Mary B. Warren, the ‘dean of Georgia genealogists,’ dies at age 91

040316 ROSWELL, GA: Names and dates line the voluminous records at the Church of Latter Day Saints Family History Center, where people come to research their family's genealogy. Family History Center at 500 Norcross Street in Roswell. For Helen Cauley feature on Geneaology - Family Trees. (Parker C. Smith/Special)
040316 ROSWELL, GA: Names and dates line the voluminous records at the Church of Latter Day Saints Family History Center, where people come to research their family's genealogy. Family History Center at 500 Norcross Street in Roswell. For Helen Cauley feature on Geneaology - Family Trees. (Parker C. Smith/Special)

Credit: Special

Credit: Special

Mary Bondurant Warren was the dean of Georgia genealogists.

For more than half a century, she was active in documenting Georgia’s history and ferreting out genealogical records. When I was invited to write this column in 1977, she gave her support. She was my friend for more than 45 years until her death on April 16 at the age of 91.

She lived in Athens and started documenting the city’s history in the early 1960s, wrote a weekly newspaper column there from 1962-1967 and, in 1964, began the weekly genealogy publication, Family Puzzlers, always chocked full of information and queries from subscribers. It ran until 1997.

In the decades before newspaper digitization, her “Marriages and Deaths,1763 to 1820” and her 1820-1830 volume were important source materials. Many of her books covered the records of colonial Georgia and were great sources for historians as well as genealogists. Her last series was on British Georgia and much of the research was done in person at the British National Archives at Kew. Heritage Papers, her publishing house, will be continued by her family.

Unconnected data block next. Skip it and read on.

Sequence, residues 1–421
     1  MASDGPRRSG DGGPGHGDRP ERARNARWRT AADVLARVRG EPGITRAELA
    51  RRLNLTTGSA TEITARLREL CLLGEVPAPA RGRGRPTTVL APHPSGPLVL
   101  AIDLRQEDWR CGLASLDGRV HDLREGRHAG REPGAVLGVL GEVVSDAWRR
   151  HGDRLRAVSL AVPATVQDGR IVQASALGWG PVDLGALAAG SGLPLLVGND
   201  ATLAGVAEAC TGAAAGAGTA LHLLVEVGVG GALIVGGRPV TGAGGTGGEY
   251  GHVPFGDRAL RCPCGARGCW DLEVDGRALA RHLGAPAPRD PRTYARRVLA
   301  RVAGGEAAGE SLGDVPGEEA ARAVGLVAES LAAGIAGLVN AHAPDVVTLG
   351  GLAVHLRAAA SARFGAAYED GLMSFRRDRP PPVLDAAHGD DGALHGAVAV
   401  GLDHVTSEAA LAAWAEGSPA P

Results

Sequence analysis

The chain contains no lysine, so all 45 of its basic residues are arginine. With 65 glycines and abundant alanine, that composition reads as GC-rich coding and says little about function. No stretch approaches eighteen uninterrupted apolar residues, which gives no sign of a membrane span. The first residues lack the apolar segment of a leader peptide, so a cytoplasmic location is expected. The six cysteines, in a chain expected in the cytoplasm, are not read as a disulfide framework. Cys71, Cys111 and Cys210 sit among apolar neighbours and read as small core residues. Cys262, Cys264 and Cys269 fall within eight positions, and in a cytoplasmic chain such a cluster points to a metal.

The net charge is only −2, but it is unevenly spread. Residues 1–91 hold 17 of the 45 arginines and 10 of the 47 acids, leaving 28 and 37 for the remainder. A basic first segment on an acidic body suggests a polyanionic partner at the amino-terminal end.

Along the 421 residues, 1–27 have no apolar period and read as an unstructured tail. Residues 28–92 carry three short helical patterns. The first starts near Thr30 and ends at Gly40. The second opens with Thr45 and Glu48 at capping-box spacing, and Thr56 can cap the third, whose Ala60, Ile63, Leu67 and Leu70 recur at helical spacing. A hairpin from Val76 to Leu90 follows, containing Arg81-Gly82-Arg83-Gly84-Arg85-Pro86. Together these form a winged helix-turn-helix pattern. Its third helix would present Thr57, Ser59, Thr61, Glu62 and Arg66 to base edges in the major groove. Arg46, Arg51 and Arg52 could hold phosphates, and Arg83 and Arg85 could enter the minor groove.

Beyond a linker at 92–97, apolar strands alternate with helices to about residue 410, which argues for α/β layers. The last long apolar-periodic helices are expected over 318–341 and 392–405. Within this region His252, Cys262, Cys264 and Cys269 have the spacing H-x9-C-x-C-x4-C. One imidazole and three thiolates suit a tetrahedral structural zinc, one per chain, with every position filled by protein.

She was an advocate for open records in Georgia. She won many awards, including those for lifetime achievement from the Georgia Historical Records Advisory Board, the Athens Historical Society and the Georgia Genealogical Society. Her contribution to Georgia genealogy for the past 50-odd years is immeasurable. Her most lasting legacy may be her support and encouragement of others as they entered the field. Check out her many publications at the Georgia Archives and other genealogy collections.

Clare Isanhour dies

Clare Isanhour, namesake of the genealogy room at the Smyrna Public Library, died on March 8, at the age of 92. She was a longtime supporter of the genealogy collection in Smyrna and helped to boost its size, especially the Virginia sources.

Don’t make gender assumptions

First names can be deceiving. So don’t assume, based on today’s names, that Hillary or Miranda was a woman. Beverly was a man’s name, as was Shirley.

Contact Kenneth H. Thomas Jr., P.O. Box 901, Decatur, Ga., 30031 or www.kenthomasongenealogy.com.

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